Alexander Rodriguez’s Story: A Fight with Asthma, A Fight for His Community

Dec 22, 2017

At LCV’s annual dinner in New York City, Lead Promotor Alexander Rodriguez addressed the crowd, sharing his story of becoming involved with Chispa Connecticut, a community organizing program of the Connecticut LCV and is affiliated with the LCV’s Chispa.  As Alexander shares in his remarks, he became involved in Chispa’s Clean Buses for Healthy Niños campaign to help protect his community from the perils of toxic air pollution—perils he himself is all too familiar with as someone who has long suffered from asthma.

Watch Alexander share his story here and read his remarks below:

Good evening. My name is Alexander Rodriguez. I am 23 years old and I am the lead Promotor with Chispa CT, a program of the CTLCV in coordination with LCV’s Chispa.   

As a kid, I loved to run – and I was fast. Track and field was my greatest passion. Until, I started experiencing difficulty breathing.

I became prone to bronchitis. I developed shortness of breath. Soon, I was diagnosed with asthma – something my mother, doctors, and I believe was the result of the toxic diesel pollution I was exposed to during years of riding the bus to and from school.

I required medication and an inhaler to regulate my breathing and to avoid bouts of suffocation. In what felt like the blink of an eye, track and field slipped away from me.

As a young adult, I wanted nothing more than to join the armed forces and become a pilot – but, my history of asthma and respiratory illness put a roadblock between me and serving my country. Asthma had disqualified me, and I wasn’t afforded a medical waiver.

Fast forward to earlier this year, when I found Chispa. Abi, another organizer with Chispa, told me about the program’s work and its Clean Buses for Healthy Niños campaign – I was instantly sold on working to protect others from the toxic air pollution that affected me.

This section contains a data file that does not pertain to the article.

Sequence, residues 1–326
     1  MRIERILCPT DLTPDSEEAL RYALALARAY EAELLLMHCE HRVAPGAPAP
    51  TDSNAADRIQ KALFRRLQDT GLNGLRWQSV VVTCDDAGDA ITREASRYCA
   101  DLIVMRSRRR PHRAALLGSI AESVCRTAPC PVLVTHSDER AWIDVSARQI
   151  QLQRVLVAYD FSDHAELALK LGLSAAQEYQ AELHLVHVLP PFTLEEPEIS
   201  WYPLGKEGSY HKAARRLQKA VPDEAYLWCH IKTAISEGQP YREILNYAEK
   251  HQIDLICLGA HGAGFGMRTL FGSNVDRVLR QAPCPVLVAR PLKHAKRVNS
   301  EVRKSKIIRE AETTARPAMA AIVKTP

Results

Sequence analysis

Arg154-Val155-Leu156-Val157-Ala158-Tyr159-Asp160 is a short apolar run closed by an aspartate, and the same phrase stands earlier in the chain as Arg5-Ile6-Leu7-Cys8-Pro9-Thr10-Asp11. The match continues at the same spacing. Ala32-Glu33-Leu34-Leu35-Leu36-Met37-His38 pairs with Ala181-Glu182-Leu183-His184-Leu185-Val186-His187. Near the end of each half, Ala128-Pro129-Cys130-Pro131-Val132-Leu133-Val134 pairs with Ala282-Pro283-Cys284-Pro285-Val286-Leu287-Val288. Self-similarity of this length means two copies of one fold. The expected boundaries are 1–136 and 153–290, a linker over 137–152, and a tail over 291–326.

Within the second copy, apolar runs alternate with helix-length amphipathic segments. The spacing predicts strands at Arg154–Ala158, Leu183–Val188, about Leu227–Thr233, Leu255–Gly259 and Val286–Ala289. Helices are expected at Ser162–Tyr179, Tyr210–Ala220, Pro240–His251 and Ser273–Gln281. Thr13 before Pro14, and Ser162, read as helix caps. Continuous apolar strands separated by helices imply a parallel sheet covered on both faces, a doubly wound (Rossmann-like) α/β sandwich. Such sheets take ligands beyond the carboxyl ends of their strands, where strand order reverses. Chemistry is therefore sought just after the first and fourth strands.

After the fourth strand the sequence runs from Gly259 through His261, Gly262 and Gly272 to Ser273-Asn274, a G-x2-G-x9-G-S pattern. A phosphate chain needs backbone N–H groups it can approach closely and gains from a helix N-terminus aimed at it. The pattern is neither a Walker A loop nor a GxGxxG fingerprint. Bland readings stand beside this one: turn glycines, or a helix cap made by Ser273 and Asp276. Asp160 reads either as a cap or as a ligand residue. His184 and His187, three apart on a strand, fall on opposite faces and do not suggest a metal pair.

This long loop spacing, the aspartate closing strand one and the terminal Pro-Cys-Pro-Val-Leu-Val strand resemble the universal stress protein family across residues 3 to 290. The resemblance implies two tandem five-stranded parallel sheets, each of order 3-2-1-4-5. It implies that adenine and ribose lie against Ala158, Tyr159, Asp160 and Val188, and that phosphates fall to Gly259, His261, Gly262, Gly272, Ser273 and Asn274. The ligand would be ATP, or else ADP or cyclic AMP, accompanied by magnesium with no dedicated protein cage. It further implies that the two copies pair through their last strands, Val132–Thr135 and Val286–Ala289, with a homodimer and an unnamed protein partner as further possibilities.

Chispa provides an opportunity to work with people like myself – who have felt the effects of climate change and pollution firsthand. And by making these personal connections to climate and one another, we are raising a new generation of environmentalists. Our promotores program works with youth and young adults to hold polluters and our elected officials accountable for decisions that impact our air and water, and our community.

In a time when our president and EPA administrator are doing all they can to advantage the polluter interests that have long-profited in this country, we are standing up for our communities.  We refuse to be forgotten or saddled with environmental injustices.

I’m proud to be a part of this work. Following Hurricane Maria, my mother was stranded in Puerto Rico. It took weeks to reach her by phone.  It took a whole month to get her back to Connecticut.  I felt helpless.  I felt scared.  I felt angry.  What happened in Puerto Rico—the devastation that our president so heartlessly overlooked—is not okay.  But these are they type of environmental injustices we have to tackle.   

In Connecticut, my friends and I are standing up.  I have organized community clean-ups, voter registration drives, and gathered countless signatures toward our campaign – we want to do everything possible to protect this earth from destruction, we want to leave it a better place than the one we inherited.

As I look around this room and have listened to the speakers that came before me, I feel hope.  We’re electing environmental leaders across the country.  We’re building a community of people care and voice those cares. It seems to me that together, we can make this a better place.